After two months of not understanding why he was missing pitches, Anthony Rizzo is going on the injured list.
The Yankees placed the first baseman on the 10-day IL with post-concussion syndrome on Thursday and recalled Oswaldo Cabrera to take Rizzo’s place. Aaron Boone called the move the result of a “likely concussion,” while a team spokesperson said doctors said Rizzo suffered from “a concussion cascading.”
Rizzo will be shut down, according to Boone. The veteran will be treated with supplements and visual and video exercises. Rizzo will be evaluated “week to week,” according to Boone. He’s able to participate in physical activity, but Rizzo will avoid baseball activities for a few days.
“The unknown is uncomfortable, but I also think the news he got yesterday, they feel good about treatment and what they’ll do,” Boone said. “He should be able to get better from it. So we’ll just see.”
The Yankees and doctors believe Rizzo’s condition stems from a May 28 collision at first base with the Padres’ Fernando Tatis Jr., though Boone couldn’t say that that was the definitive cause. Boone said Rizzo went through Major League Baseball’s standardized testing when the collision happened and in the days that followed to rule out a concussion.
“The baseline for that was fine,” Rizzo said of the tests in May. “There were really no symptoms. It’s not like I had headaches after that. It’s not like I was really losing memory afterwards or anything like that. We went through those plans and I think the training staff handled it very well and respectfully.
“The neurologist said that these things cascade afterwards where you maybe don’t initially feel it. Every concussion is different, so you don’t feel the initial blow, but what happens is your brain starts cascading. I guess that’s what happened. Waking up, the way I’d describe it is you go to bed sober and you wake up a little hungover. When that happens, I’m like, ‘That doesn’t seem normal.’”
Rizzo missed a few days with a stiff neck after the collision.
Rizzo began complaining about “fogginess” over the last few days, Boone said, and a “battery of tests” and a Wednesday visit with a neurologist revealed “cognitive impairment.” A spokesperson added that Rizzo first mentioned the symptoms at the end of last weekend’s series in Baltimore.
Rizzo, who has been flying with the team all this time — normally a no-no for people suffering concussions — played on Monday and Tuesday against the Rays before seeing the neurologist on Wednesday. Boone initially described Rizzo’s absence from Wednesday’s lineup as a predetermined day off.
While having Rizzo play after revealing his fogginess seems irresponsible, the Yankees have had their players play through physical impediments plenty of times in the recent past. That includes Jose Trevino playing through a season-ending wrist injury that dated back to spring training this year and DJ LeMahieu playing through a foot-toe injury last season.
Aaron Judge is currently playing with a torn toe ligament that is not 100% healed, while Josh Donaldson has been performing baseball activities far sooner than expected after being sidelined with a high-grade calf strain.
Rizzo said that had he experienced another “big collision,” it would’ve not been good.
Boone said that Rizzo didn’t feel concussion symptoms at any points in between the Baltimore series and the collision with Tatis Jr., though Rizzo said it was hard to pinpoint when symptoms began because there are days throughout a season when players naturally wake up feeling worse than others. A West Coast trip immediately following the collision didn’t help matters, as Rizzo just thought he felt tired after the lengthy trip. At that point, his neck was still his main concern, and he returned to action on June 2 in Los Angeles.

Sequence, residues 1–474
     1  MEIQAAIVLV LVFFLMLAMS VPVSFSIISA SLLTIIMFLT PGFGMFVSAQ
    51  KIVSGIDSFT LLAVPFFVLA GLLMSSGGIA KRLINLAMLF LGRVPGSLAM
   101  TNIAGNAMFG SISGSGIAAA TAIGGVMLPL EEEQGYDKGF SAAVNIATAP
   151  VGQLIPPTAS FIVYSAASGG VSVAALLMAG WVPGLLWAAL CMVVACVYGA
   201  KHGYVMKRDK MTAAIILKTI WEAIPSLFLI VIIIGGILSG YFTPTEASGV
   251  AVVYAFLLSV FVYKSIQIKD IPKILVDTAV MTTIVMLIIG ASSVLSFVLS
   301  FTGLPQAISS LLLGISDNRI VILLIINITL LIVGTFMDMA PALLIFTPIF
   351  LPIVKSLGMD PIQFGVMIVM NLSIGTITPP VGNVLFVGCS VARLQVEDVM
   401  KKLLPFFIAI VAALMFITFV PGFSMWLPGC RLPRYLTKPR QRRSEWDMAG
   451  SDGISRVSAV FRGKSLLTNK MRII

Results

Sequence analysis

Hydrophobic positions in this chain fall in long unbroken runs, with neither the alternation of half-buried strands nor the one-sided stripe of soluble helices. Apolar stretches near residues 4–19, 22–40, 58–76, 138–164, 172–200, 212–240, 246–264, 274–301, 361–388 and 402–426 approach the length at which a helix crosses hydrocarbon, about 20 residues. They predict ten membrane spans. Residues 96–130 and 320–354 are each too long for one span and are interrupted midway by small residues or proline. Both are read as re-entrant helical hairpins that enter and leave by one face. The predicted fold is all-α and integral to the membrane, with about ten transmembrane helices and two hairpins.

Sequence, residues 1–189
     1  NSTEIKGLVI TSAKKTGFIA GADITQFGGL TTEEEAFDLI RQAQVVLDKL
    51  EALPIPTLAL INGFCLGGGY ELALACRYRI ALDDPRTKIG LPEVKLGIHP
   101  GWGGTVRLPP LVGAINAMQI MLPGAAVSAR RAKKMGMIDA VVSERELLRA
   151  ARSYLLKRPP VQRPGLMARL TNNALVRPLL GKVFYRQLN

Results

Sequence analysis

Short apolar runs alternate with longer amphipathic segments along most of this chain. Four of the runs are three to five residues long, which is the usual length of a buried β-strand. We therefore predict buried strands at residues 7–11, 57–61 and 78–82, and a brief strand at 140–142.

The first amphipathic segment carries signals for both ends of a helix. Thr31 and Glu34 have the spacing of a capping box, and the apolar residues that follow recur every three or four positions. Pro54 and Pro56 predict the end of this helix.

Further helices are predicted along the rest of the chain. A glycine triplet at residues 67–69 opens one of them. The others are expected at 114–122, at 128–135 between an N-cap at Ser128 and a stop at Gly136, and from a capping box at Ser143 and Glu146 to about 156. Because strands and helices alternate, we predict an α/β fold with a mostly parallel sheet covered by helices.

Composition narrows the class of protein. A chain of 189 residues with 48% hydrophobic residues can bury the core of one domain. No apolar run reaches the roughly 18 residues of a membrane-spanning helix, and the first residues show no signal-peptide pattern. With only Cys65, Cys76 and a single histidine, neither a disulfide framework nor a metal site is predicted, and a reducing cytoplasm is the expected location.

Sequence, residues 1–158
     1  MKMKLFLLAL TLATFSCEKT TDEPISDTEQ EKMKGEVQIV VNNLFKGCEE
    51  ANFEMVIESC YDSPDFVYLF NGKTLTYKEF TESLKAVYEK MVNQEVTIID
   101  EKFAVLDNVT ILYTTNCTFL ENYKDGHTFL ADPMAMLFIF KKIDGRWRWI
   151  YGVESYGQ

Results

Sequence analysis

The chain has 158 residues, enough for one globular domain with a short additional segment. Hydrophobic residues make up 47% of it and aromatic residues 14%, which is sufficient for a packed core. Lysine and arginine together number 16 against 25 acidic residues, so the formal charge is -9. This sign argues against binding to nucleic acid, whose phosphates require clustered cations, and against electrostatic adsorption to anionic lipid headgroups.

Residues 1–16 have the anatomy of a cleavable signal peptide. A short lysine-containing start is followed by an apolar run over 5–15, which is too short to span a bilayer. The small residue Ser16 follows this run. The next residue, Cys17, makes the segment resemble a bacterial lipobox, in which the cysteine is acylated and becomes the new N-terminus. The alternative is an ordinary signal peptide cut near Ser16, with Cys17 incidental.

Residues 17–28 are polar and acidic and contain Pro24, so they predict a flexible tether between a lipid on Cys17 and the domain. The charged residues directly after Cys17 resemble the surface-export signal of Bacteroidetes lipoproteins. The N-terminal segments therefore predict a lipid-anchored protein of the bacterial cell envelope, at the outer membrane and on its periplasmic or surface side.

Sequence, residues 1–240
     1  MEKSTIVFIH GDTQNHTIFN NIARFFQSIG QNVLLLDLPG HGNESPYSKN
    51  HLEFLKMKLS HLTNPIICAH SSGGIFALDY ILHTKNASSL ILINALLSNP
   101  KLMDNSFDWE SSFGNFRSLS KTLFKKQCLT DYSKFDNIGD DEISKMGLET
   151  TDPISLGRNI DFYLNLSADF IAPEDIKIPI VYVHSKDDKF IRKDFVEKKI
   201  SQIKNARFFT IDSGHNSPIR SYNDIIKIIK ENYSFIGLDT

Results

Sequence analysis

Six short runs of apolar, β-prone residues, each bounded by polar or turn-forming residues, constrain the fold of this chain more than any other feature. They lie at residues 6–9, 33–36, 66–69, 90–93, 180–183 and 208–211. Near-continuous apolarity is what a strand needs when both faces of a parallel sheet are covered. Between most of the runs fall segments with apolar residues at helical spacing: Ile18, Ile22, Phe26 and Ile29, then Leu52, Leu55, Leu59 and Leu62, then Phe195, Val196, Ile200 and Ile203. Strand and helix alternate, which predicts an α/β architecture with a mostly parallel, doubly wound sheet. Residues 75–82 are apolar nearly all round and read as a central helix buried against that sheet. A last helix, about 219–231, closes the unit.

Since the “high-trauma impact” with Tatis Jr., Rizzo has been one of the worst hitters in the majors, slashing .172/.271/.225 with one home run and nine RBI over 46 games.
While he and Boone had repeatedly insisted that Rizzo was healthy throughout that slump, the slugger started to feel “crazy” for seeing pitches in different locations than what video replay showed. That recently prompted him to report his fogginess and schedule an appointment with the neurologist.
“I guess now we can link two and two together,” said Rizzo, who didn’t want to make excuses for his performance. “Over the last few weeks, you just start going to different checklists of mechanics, timing, consistently being late. Why am I being consistently late? I’ve made these adjustments plenty of times in my career. I just didn’t forget how to do this all of a sudden.
“I feel like I’ve had a pretty good awareness of the strike zone, and when that started deescalating more and more, that was definitely concerning.”
Rizzo, who admitted to sometimes forgetting how many outs there were, became so concerned with his struggles that he started to wonder if he was nearing the end of his career. In that regard, the test results provided a silver lining.
“You start thinking all these things,” Rizzo said. “To find out these test results is a little relieving in one way because I’m not as crazy as what I was putting myself through.”
Brain injuries are tricky — something the Yankees hopefully learned from Clint Frazier’s tenure — so there is no telling exactly when Rizzo will return. With Rizzo out, Jake Bauers and LeMahieu are expected to man first base.
Despite the uncertainty, Rizzo believes he will make a complete recovery thanks to the treatment plan he’s on. He also said that he hasn’t experienced any hindrances in his personal life.
“We’re going to test again pretty frequently,” Rizzo said. “The doctors we met with were amazing. They’re confident that this will fully heal.”
Source: Berkshire mont